Si and si(1-x)ge(x) nanocrystals: synthesis, structural characterization, and simultaneous observation of quantum confined and interface related photoluminescence

Thesis Type: Doctorate

Institution Of The Thesis: Middle East Technical University, Faculty of Arts and Sciences, Department of Physics, Turkey

Approval Date: 2010

Thesis Language: English

Student: Nader Asghar Pour Moghaddam

Supervisor: RAŞİT TURAN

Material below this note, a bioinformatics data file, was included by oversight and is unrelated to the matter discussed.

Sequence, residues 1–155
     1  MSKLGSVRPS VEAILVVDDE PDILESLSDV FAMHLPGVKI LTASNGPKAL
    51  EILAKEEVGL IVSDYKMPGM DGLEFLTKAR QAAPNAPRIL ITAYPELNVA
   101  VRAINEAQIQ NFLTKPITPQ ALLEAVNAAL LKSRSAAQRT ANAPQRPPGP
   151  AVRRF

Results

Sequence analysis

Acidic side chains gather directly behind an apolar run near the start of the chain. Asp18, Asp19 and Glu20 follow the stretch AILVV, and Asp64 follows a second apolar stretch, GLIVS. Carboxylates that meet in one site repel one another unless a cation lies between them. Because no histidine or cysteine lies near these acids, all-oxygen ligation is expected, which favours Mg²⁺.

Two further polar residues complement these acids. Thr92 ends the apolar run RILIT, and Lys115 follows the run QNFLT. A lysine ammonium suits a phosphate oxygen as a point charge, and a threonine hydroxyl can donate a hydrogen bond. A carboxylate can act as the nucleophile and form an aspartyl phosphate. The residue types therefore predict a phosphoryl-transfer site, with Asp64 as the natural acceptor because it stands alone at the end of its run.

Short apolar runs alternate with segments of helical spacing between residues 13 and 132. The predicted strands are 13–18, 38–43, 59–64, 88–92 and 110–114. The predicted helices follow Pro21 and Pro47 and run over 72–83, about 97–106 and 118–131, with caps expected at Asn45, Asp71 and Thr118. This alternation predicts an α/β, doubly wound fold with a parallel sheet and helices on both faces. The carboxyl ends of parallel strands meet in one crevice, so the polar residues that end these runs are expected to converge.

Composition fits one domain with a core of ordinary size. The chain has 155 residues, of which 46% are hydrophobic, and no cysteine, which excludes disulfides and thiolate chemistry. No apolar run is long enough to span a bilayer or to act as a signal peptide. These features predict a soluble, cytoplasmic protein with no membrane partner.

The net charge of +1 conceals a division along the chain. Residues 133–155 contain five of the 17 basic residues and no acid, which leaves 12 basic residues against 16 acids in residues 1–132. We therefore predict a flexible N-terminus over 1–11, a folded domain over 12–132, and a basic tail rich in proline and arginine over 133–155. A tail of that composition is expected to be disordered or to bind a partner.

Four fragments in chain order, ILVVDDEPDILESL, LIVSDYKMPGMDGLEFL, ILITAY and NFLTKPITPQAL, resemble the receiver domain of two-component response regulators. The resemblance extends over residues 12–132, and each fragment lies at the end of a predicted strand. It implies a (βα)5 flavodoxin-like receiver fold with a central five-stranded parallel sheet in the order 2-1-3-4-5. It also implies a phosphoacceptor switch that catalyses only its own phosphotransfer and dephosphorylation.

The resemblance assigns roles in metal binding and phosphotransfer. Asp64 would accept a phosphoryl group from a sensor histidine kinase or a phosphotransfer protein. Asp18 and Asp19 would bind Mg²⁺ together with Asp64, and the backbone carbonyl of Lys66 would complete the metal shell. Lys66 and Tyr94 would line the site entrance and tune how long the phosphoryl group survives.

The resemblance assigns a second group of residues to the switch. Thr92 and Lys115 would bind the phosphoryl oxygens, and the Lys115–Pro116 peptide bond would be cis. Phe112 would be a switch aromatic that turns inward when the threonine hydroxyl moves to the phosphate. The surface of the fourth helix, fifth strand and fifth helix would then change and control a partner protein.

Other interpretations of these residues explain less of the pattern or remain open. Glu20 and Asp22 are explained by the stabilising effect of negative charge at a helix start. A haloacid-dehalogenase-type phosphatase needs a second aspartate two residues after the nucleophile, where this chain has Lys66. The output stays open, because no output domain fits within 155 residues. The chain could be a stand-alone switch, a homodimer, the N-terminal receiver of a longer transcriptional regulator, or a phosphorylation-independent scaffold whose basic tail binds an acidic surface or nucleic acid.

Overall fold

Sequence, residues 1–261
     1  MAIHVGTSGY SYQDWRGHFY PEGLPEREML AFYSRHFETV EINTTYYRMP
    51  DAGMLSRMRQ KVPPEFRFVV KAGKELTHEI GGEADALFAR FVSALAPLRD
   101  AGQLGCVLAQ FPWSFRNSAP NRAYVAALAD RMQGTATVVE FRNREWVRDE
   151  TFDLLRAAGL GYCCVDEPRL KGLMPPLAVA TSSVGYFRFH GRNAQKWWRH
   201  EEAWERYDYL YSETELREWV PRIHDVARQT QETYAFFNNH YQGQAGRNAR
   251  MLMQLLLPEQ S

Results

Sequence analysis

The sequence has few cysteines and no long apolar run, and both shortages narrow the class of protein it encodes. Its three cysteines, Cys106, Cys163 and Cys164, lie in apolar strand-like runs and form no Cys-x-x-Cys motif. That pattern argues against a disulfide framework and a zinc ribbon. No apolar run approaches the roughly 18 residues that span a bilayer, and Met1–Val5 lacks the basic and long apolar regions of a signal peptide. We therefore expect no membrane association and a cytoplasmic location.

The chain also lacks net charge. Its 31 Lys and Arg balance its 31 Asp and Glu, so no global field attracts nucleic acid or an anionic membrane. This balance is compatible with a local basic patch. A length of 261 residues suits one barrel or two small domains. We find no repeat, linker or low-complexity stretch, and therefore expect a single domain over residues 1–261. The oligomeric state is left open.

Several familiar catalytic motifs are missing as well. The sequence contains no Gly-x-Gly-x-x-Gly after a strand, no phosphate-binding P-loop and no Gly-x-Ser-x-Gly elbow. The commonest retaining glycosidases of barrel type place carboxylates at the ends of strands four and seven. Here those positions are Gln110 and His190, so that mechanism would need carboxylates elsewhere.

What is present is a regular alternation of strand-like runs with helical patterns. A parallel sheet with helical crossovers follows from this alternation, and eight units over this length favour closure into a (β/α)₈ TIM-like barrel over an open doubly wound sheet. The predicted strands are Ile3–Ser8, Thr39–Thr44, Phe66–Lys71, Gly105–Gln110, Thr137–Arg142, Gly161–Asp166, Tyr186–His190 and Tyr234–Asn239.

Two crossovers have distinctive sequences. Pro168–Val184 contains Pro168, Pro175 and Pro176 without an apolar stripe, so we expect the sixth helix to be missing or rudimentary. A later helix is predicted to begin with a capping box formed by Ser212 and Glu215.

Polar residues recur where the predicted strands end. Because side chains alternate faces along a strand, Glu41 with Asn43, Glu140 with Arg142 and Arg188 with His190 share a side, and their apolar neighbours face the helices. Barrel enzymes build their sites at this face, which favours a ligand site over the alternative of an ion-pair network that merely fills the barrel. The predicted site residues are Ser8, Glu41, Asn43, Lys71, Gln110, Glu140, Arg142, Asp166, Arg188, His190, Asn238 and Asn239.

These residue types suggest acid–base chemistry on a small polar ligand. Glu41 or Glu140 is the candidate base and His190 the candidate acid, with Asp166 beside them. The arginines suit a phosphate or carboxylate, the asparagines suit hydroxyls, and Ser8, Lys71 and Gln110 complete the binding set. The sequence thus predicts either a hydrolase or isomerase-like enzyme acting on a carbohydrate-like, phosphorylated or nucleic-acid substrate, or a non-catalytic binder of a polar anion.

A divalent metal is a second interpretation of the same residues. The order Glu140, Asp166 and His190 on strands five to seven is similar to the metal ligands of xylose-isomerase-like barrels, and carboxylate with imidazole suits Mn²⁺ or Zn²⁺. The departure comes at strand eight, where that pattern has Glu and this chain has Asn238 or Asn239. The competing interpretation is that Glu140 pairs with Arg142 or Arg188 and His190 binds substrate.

In this work we have prepared Si and SI(1-X)GE(X) nanocrystals by rf magnetron cosputtering method. The e ect of annealing parameters and Ge content of x on the structural and optical properties sandwiched SiO2/SiO2: Si: Ge/SiO2 nanostructures have been investigated. For characterization we have used cross-sectional high resolution electron microscope (HREM), X-ray di raction (XRD), Raman spectroscopy (RS), Fourier transform infrared (FTIR), photoluminescence (PL), and temperature dependent PL (TDPL) techniques. It was shown that Ge content of x, annealing temperature, and annealing time are important parameters a ecting the structural and optical properties of the nanocrystals. We have observed a uniform SI(1-X)GE(X) nanocrystal formation upon annealing at relatively low temperatures and short annealing time. However, Ge-rich SI(1-X)GE(X) nanocrystals do not hold their compositional uniformity when annealed at high temperatures for enough long time. A segregation process leads to the separation of Ge and Si atoms from each other and formation of Si-rich core covered by a Ge-rich shell. Related to the optical properties of Si and SI(1-X)GE(X) nanocrystals, influence of annealing treatments and Ge content of x on the simultaneous observation and relative contribution of quantum confined and interface related radiative emission to PL spectra are investigated. On the other hand, temperature dependent photoluminescence (TDPL) measurements have been applied to investigate in detail the involving PL mechanisms and the competing thermally activated emission process and the thermally activated escape process of carriers into nonradiative recombination centers and/or tunneling of the excitons into the interface or to larger nanocrystals.